The sun supports all life on our planet, but its life giving rays also pose dangers. The sun’s primary danger is in the form of Ultraviolet (UV) radiation.
UV radiation is a component of solar radiation, but it can also be given off by artificial sources like welding machines, tanning beds and lasers.
Most are aware of the harm UV radiation can do to the skin, but many may not realize that exposure to UV radiation can harm the eyes or that other components of solar radiation can also affect vision.
There are three types of UV radiation: UV-C is absorbed by the ozone layer and does not present any threat; UV-A and UV-B radiation can have adverse long and short term effects on the eyes and vision.
If your eyes are exposed to excessive amounts of UV radiation over a short period of time, you are likely to experience an effect called photokeratitis.
Like a “sunburn of the eye”, photokeratitis may be painful and include symptoms such as red eye, gritty feeling in the eyes, extreme sensitivity to light and excessive tearing. Fortunately, this is usually temporary and rarely causes permanent damage to the eyes.
Long -term exposure to UV radiation, however, can be more serious. Scientific studies and research have shown that exposure to small amounts of UV radiation over a period of many years increases the chance of developing a cataract and may cause damage to the retina, a nerve-rich lining of the eye that is used for seeing. Additionally, chronic exposure to shorter wavelength visible light (i.e. blue and violet light) may also be harmful to the retina.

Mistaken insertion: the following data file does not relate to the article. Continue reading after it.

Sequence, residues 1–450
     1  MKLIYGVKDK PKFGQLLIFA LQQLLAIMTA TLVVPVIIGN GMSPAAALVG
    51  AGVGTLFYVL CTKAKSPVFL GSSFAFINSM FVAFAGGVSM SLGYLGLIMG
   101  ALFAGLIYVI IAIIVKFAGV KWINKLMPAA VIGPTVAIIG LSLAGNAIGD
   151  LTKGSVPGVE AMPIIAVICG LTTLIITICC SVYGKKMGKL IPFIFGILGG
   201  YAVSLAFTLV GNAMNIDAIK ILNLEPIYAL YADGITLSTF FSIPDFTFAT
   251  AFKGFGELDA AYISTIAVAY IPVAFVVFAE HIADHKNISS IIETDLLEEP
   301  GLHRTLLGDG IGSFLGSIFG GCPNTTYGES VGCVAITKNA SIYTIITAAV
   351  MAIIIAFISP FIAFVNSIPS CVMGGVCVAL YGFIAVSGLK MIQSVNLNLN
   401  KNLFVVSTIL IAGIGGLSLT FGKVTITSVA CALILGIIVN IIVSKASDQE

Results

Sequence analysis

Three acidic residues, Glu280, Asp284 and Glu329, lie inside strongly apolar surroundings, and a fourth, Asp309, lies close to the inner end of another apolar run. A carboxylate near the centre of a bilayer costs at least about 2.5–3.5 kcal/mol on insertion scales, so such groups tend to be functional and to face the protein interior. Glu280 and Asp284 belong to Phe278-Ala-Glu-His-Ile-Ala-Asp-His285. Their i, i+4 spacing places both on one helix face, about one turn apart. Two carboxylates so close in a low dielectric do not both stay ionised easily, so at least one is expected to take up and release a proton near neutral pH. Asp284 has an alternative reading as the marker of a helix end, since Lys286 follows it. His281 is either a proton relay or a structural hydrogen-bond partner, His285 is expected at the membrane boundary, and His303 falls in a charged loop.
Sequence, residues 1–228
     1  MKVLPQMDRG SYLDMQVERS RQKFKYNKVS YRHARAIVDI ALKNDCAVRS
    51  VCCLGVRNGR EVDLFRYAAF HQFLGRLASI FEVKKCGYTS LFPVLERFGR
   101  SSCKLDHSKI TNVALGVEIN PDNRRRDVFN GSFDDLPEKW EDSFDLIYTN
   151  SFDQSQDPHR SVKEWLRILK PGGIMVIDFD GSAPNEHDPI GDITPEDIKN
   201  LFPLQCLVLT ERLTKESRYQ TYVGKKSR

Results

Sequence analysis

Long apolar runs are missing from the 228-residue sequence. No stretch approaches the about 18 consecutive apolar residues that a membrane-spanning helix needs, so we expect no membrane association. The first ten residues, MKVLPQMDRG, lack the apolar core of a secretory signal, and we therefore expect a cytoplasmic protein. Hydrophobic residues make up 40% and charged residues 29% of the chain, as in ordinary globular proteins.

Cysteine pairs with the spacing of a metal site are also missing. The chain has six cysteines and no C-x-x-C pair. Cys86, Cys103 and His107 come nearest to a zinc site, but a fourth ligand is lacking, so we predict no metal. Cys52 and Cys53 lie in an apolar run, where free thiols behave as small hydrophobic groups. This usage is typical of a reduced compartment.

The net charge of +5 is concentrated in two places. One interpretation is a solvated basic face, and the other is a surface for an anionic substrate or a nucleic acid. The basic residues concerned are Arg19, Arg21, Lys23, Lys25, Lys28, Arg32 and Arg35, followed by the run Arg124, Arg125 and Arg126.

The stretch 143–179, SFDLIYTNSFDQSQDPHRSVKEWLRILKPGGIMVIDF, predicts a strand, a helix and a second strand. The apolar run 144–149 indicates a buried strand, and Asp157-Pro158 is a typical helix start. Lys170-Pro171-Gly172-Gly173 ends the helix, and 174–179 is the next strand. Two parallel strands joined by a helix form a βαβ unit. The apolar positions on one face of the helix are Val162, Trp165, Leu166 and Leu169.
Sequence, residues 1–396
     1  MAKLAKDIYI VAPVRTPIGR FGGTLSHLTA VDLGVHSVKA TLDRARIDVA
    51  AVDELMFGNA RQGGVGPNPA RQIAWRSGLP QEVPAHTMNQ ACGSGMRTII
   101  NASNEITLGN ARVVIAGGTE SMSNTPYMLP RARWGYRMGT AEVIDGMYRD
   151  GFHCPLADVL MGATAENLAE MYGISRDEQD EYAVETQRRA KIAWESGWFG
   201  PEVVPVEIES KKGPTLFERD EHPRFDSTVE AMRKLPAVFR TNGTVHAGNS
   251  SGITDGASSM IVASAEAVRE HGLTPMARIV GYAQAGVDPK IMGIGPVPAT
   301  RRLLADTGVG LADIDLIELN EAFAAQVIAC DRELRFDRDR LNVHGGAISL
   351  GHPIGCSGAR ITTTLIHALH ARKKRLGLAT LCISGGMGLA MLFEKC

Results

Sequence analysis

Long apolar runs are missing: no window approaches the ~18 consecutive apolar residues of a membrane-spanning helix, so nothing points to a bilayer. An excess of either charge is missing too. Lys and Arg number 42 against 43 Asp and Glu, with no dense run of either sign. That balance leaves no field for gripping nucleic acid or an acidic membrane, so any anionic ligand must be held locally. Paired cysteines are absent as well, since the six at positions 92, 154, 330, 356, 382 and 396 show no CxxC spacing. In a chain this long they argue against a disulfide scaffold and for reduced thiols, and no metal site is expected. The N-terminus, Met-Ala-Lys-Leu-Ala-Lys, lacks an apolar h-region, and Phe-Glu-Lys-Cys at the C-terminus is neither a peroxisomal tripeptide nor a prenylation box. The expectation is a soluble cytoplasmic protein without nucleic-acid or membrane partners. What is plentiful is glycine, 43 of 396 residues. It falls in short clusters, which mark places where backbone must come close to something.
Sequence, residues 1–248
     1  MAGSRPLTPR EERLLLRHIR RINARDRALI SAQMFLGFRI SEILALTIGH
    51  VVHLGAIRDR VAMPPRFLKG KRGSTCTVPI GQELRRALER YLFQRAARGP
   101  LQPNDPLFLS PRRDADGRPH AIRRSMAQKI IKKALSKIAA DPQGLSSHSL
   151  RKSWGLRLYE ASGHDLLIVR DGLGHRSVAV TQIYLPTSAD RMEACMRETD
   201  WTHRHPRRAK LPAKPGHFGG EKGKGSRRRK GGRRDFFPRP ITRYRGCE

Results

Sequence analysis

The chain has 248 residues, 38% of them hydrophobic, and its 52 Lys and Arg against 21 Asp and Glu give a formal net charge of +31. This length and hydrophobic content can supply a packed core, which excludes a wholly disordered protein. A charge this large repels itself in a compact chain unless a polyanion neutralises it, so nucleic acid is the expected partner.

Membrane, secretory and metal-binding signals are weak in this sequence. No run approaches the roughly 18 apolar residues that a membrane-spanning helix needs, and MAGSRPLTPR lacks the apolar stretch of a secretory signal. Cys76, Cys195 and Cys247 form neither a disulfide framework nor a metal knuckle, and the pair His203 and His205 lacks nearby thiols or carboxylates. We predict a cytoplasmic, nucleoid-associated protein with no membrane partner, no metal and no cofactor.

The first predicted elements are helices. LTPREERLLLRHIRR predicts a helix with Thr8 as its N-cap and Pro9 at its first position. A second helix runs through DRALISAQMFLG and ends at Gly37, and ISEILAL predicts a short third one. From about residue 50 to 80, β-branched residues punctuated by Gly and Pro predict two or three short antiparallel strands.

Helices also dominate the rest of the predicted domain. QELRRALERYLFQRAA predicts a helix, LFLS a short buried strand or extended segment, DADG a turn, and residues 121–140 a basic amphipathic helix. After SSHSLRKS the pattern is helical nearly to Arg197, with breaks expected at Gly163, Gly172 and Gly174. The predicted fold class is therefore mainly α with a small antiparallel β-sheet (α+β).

The longer the eyes are exposed to solar radiation, the greater the risk of developing later in life such conditions as cataract or macular degeneration.
To provide adequate protection for your eyes, sunglasses should:
Block out 99 to 100% of both UV-A and UV-B radiation
Screen out 75 to 90% of visible light
Be perfectly matched in color and free of distortion and imperfection; and
- Have lenses that are gray for proper color recognition
The lenses in sunglasses should be made from polycarbonate or trivex material if you participate in potentially eye hazardous work or sports. These lenses provide the most impact resistance.
If you spend a lot of time outdoors in bright sunlight, wrap around frames can provide additional protection from harmful solar radiation. Don’t forget protection for children and teenagers. They typically spend more time in the sun than adults.
Be sure to see your optometrist at least every two years.